Record and electronics companies had to decide for themselves which system to adopt, with some such as Sony choosing SQ and others, such as RCA, choosing CD-4. By 1973, two more formats had been added, this time on tape. RCA in that year began to offer its first "Mark 8" quad 8- track systems, and several record companies offered discrete four-channel recordings on reel-to-reel tape.
Additionally, the matrixed systems could be broadcast over existing FM stations, and by late 1974 there were over 200 U.S stations experimentally using the Sansui system. The FCC launched a study to compare quad broadcasting standards, although it didn't announce its findings until late 1977.
As more and more companies became interested in quad, the catalog of available recordings expanded and the prices of equipment came down. By 1974, there were approximately 400 titles available on quad disks or 8- track tapes, and 75 on open-reel tapes. Equipment prices began to drop significantly after Motorola Corporation introduced a single-chip decoder suitable for several of the matrixed disk formats.
However, the electronics press claimed that record manufacturers, record retailers, and electronics dealers never fully supported these products. Record companies and retailers complained about the "dual inventory" problem related to carrying the same titles in multiple formats, particularly since they were already compelled to stock LP, 8-track, and, increasingly, cassette versions of popular releases. More enthusiastic were the quad record clubs that began to spring up to cater to four channel fans.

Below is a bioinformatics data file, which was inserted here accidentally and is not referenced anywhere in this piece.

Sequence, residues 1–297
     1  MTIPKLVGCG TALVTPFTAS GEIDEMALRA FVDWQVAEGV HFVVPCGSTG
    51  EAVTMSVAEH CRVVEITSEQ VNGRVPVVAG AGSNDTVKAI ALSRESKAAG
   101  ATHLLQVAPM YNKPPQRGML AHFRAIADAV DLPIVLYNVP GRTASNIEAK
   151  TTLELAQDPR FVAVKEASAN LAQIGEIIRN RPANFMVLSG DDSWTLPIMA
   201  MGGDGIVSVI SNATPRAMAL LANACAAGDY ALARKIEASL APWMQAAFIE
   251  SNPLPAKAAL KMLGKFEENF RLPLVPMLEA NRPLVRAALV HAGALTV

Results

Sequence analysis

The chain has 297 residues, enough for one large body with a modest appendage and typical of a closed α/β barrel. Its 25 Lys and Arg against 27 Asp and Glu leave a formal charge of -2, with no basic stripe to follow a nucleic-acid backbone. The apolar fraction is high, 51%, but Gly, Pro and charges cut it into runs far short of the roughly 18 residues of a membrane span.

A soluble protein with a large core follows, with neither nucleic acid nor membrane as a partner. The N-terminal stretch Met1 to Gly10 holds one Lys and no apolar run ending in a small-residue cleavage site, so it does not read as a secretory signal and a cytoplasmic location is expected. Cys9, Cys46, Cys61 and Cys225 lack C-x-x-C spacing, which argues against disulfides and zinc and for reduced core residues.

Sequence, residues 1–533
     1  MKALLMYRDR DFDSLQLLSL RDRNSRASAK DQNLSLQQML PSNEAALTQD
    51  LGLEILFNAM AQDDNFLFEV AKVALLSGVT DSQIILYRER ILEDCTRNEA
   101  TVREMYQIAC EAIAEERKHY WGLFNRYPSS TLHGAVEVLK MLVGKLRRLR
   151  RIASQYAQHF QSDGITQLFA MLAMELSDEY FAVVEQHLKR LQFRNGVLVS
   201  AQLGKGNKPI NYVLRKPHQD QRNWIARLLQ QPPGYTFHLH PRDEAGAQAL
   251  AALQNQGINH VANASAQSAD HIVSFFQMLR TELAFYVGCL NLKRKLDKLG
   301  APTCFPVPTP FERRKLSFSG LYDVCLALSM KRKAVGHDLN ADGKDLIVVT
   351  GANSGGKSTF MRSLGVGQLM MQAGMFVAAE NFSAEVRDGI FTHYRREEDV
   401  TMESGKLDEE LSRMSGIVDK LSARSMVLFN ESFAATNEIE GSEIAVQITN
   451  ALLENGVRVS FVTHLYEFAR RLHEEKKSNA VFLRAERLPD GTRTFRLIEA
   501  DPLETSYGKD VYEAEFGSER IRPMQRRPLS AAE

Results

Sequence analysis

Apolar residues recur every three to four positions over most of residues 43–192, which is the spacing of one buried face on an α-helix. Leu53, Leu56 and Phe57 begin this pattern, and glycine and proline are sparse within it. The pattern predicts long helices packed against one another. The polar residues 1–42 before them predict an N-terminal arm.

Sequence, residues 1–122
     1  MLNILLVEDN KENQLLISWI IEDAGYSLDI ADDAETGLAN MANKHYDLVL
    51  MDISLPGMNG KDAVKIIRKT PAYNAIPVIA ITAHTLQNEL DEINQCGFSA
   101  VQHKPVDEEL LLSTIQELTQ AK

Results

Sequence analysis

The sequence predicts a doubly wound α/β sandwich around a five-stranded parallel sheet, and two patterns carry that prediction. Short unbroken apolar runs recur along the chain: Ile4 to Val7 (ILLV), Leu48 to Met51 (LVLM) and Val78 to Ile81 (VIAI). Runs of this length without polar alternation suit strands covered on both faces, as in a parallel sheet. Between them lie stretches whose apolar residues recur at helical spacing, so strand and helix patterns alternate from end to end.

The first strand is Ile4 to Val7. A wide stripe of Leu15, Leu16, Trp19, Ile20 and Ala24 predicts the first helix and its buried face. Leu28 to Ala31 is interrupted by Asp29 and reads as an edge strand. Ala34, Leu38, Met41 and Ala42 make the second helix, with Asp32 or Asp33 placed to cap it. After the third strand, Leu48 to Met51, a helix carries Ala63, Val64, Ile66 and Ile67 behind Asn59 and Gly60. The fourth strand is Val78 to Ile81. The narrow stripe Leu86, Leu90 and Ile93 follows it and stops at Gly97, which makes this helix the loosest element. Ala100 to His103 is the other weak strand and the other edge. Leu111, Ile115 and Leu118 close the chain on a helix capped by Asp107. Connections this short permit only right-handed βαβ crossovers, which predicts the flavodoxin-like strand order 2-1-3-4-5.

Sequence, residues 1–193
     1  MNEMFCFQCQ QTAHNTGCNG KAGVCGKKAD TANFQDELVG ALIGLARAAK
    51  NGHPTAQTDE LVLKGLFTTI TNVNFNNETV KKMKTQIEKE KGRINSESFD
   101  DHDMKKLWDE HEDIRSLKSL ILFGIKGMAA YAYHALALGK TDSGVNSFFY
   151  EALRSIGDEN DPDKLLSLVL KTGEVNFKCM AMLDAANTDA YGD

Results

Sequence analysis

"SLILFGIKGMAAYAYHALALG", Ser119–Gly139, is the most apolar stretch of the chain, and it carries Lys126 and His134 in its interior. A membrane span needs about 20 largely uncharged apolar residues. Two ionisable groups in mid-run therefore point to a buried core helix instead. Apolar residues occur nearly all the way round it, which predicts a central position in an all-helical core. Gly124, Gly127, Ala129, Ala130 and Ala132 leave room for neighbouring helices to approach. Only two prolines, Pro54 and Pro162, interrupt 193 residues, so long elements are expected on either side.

By 1975, A&M and EMI records had stopped issuing new releases in multiple formats, with the former choosing to stick with CD-4 and the latter SQ. That year, High Fidelity's editor complained that electronics dealers represented "the least enthusiastic group in the country where quad is concerned," reflecting the declining sales of equipment.
By the end of 1975 most large electronics chains began discounting quad equipment by up to 50 per cent in order to clear it out. Harman Kardon, Sherwood and other companies declared that they would stop quad production, and Radio Shack closed out its brand of quad equipment to make way for the next big fad, the Citizen's Band radio.
The fact that sales of quad reel-to-reel decks never quite fulfilled expectations was an unanticipated boon for musicians == the lines of high-end recorders designed by TEAC and other companies for quad fans were hastily repackaged as multi track "home studio" equipment, resulting in one of the first relatively affordable multi track recorders with separate inputs, preamplifiers, and level controls for four channels.
By August of 1977, quad had run its course. Apparently the only manufacturer to offer a new product that year was Sansui, which had two quad receiver models in its catalog.
Ironically, the FCC completed its tests of matrixed FM broadcasting and submitted its findings to the public for comment. In 1978, it issued standards for quad broadcasts, but by that time public interest had waned.
As late as 1979, the audiophile press was still hyping quad, with well-known audio journalist Len Feldman claiming that 4-channel broadcasting was still "very much alive." In fact, four-channel audio was not to be heard from again until the current fad for "surround sound" television.
David Morton (firstname.lastname@example.org)